I am guessing that you also could probably get or have made a box that has a 32 amp connection to the outlet you mention, and then it has a series of breakers and then outlets on it.

In the states the typical way it is done is to just have a high amperage service disconnect that you wire in your own distro to, usually in the larger venues these are 400 amps.

Anyway hope it helps

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Sorry, it seems I was a little rude in my last post.

To answer the question, dimmer packs are 12x 10 amp. I am aware that the maths does not work out for a 32amp outlet. The trick is to not fully load each channel of the pack and/or not have them all at 100% at the same time.

Because there is rarely a full load on the dimmer pack and circuit breakers naturally tolerate some overload before tripping, in most cases, you can get away with drawing additional power without problems. In many cases, lights and audio are run off the same 3 phase outlet, especially when it is from a generator.

l guess the bottom line is that what Beam wants can and is done, but when doing so, you need to be particularly careful not to overload your supply.
hey no problem

You just have to be more careful with three phase, since as the legs get out of balance the neutral leg starts to carry more current. and of course if you trip the breaker you will loose everything. It certainly would not be difficult to make up a simple thru box with a outlet box for each phase, and have a male on one end and female connector on the other and I guess if you trip the breaker you trip the breaker.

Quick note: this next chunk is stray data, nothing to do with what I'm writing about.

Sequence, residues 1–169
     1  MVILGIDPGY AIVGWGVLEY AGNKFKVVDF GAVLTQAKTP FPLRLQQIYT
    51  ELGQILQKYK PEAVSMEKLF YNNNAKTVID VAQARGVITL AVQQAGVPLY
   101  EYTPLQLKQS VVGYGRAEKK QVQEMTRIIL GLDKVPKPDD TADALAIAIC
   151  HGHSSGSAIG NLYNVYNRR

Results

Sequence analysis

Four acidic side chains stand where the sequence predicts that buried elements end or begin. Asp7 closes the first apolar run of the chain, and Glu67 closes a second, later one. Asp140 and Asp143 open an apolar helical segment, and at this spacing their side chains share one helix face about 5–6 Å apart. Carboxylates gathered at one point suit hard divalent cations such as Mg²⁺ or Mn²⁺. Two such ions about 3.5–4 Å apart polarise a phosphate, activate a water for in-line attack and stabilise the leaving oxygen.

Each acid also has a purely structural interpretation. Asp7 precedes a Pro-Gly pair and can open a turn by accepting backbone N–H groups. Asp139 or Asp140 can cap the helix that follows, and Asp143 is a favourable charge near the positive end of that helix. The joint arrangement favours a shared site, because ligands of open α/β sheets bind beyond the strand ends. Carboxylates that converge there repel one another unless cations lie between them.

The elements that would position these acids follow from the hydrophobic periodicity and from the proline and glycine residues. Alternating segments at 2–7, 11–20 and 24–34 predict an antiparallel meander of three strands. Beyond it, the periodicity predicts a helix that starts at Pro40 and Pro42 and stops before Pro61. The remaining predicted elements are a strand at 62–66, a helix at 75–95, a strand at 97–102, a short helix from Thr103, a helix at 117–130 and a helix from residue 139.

I'm downunder and we have the same system as Aussie. We don't have that much of a problem with the breakers tripping if the three phase is out of balance.

A amatuer theatre I work at has both GFCI and circuit breakers through the distribution. Even if the balance on the load is 15amps different it won't trip the GFCI. And yes the GFCI's work. We had a faulty cable to a light bar the cable ended in a 3 pin plug at the patch bay, plug this cable into a pack and instantly the GFCI tripped. But I try to even the load where I can just to help minimise wear and tear on the dimmers.

In our venues the three phase usually terminates in 32A sockets we have as standard on our dimmer packs. The next level circuits (not outlets) up would be 60A per phase and so on until you reach the maximum you need and the building wiring is designed for. There are fuses or circuit breakers rated for each level.

If you need more power (provided the bulding can supply it ) or outlets then are hard wired in, you need to get what we call a Registered Electrician ( electrical contractor) to do the work or it is illegeal. We can only plug into approved power outlets

As Chris has said we don't run every channel on the dimmers on full load so when they design the power supply for theatres they take this into account, it's called derating. Hence the 32A instead of the 40A someone suggested.

This post and others have made me wonder about the US electrical system. Could someone please post links to good websites on the topic.
To clarify ... yes most of my work is in pubs/clubs that run 3 phase 32 amp outlets, or on some ocassions only 3 phase 20 amp outlet :( which is very limiting. Most of the time, we are lucky enough to be able to run lighting off a different circuit to the PA which obviously increases lighting capacity as well as minimises potential for battles with the sound engineer about hums in their PA allegedly caused by lighting ;)

As was mentioned in my initial email, it was always my intention to NOT run more than a 32 amp load when dimmers and intel's were combined with a thru-box or the like. Again it comes down to just being smart with programming and setting scenes that don't call on all fixtures at once to avoid the trip.

Unfortunately, when the power is already established in the venue, its not so easy to ask them to just run another 32 amp circuit etc etc.

All very valuable discussion.